At long last, here is the thoroughly revised and updated third edition of the hugely successful The Art of Electronics. It is widely accepted as the best single authoritative book on electronic circuit design.
In addition to new or enhanced coverage of many topics, the third edition includes 90 oscilloscope screenshots illustrating the behavior of working circuits, dozens of graphs giving highly useful measured data of the sort that is often buried or omitted in datasheets but which you need when designing circuits, and 80 tables (listing some 1650 active components), enabling intelligent choice of circuit components by listing essential characteristics (both specified and measured) of available parts.
The new Art of Electronics retains the feeling of informality and easy access that helped make the earlier editions so successful and popular. It is an indispensable reference and the gold standard for anyone, student or researcher, professional or amateur, who works with electronic circuits.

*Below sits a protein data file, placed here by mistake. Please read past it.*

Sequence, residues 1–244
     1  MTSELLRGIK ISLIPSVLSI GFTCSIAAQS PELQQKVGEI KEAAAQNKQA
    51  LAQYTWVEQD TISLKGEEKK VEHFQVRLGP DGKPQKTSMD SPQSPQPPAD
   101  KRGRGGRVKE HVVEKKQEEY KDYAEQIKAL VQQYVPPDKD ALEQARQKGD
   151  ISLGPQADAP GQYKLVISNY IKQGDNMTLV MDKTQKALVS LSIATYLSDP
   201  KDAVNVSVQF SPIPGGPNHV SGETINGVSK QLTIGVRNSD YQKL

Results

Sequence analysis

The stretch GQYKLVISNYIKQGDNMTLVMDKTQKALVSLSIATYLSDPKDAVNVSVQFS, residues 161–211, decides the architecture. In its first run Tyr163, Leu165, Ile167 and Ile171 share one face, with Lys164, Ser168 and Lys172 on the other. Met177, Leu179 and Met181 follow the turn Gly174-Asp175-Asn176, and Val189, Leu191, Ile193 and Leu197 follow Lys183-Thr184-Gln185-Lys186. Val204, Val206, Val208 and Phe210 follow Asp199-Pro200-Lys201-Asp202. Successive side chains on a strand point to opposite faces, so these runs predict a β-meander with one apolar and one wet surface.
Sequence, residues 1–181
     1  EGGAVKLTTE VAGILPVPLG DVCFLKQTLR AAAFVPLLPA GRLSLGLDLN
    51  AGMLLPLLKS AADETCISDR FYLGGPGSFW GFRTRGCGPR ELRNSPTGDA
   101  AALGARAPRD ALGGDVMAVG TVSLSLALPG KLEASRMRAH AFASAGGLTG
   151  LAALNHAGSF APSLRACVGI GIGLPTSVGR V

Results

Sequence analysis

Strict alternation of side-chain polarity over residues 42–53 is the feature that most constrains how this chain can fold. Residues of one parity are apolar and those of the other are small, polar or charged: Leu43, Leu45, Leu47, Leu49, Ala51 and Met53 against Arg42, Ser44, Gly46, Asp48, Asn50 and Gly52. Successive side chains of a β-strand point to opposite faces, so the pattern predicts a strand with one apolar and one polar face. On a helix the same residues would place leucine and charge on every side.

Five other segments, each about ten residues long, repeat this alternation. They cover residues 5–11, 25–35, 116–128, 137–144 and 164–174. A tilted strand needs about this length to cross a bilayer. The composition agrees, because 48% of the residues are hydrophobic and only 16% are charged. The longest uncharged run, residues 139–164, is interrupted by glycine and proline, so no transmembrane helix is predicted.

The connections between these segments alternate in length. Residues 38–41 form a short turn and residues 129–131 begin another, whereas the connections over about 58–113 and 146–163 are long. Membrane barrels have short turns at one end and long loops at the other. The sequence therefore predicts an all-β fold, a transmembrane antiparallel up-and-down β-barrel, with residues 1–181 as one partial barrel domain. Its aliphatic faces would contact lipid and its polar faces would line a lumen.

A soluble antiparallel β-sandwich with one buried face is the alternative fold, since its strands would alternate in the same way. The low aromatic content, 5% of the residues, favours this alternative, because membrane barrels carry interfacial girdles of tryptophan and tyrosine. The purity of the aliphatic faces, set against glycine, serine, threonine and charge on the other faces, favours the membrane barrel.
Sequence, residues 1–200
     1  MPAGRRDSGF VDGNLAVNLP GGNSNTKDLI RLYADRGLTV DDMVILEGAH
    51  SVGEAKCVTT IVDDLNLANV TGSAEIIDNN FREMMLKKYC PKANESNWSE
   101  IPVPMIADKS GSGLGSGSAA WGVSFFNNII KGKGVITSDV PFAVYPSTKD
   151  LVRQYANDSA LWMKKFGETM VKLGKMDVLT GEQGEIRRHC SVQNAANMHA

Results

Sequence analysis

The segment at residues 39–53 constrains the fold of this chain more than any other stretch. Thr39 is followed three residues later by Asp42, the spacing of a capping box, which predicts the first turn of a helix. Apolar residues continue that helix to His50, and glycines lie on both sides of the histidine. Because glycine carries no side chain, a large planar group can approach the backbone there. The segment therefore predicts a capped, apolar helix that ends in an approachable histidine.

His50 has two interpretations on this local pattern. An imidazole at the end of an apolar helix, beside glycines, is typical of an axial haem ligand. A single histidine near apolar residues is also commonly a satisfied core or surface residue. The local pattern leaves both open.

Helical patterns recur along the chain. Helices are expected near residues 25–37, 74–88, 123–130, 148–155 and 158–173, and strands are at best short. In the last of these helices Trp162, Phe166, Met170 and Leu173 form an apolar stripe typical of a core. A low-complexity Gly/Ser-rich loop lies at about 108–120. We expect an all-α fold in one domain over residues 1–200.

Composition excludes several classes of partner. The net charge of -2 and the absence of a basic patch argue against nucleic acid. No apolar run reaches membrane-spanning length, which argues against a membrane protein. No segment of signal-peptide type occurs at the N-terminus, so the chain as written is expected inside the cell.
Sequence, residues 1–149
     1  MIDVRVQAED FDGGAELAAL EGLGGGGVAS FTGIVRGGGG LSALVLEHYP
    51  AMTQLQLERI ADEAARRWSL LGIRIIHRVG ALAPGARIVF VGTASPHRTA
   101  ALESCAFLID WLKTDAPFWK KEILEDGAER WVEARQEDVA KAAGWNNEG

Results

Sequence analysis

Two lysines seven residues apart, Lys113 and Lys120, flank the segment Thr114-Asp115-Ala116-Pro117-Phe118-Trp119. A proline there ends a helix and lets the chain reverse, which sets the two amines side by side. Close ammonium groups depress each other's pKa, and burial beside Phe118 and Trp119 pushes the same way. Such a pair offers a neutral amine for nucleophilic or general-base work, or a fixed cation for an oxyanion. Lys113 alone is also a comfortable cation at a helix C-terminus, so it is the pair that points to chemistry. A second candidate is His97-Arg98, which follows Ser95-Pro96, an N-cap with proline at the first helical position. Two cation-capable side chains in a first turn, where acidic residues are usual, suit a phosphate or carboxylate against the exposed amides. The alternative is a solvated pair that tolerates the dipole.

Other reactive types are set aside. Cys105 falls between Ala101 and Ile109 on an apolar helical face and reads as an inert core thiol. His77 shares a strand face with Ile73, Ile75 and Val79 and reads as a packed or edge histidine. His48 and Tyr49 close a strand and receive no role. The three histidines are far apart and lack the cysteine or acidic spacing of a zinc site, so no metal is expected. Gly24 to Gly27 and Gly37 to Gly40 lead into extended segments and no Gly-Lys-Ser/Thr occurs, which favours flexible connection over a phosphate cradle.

- Over 450,000 copies sold of first and second editions
- The leading practical guide to circuit design
- Fully up to date and packed with valuable advice
About the authors
Paul Horowitz is a Research Professor of Physics and of Electrical Engineering at Harvard University, where in 1974 he originated the Laboratory Electronics course from which emerged The Art of Electronics. In addition to his work in circuit design and electronic instrumentation, his research interests have included observational astrophysics, x-ray and particle microscopy, and optical interferometry. He is one of the pioneers of the search for intelligent life beyond Earth (SETI). He is the author of some 200 scientific articles and reports, has consulted widely for industry and government, and is the designer of numerous scientific and photographic instruments.
Winfield Hill is by inclination an electronics circuit-design guru. After dropping out of the Chemical Physics graduate program at Harvard University, and obtaining an EE degree, he began his engineering career at Harvard’s Electronics Design Center. After 7 years of learning electronics at Harvard he founded Sea Data Corporation, where he spent 16 years designing instruments for Physical Oceanography. In 1988 he was recruited by Edwin Land to join the Rowland Institute for Science. The institute subsequently merged with Harvard University in 2003. As director of the institute’s Electronics Engineering Lab he has designed some 500 scientific instruments. Recent interests include high-voltage RF (to 15kV), high-current pulsed electronics (to 1200A), low-noise amplifiers (to sub-nV and pA), and MOSFET pulse generators.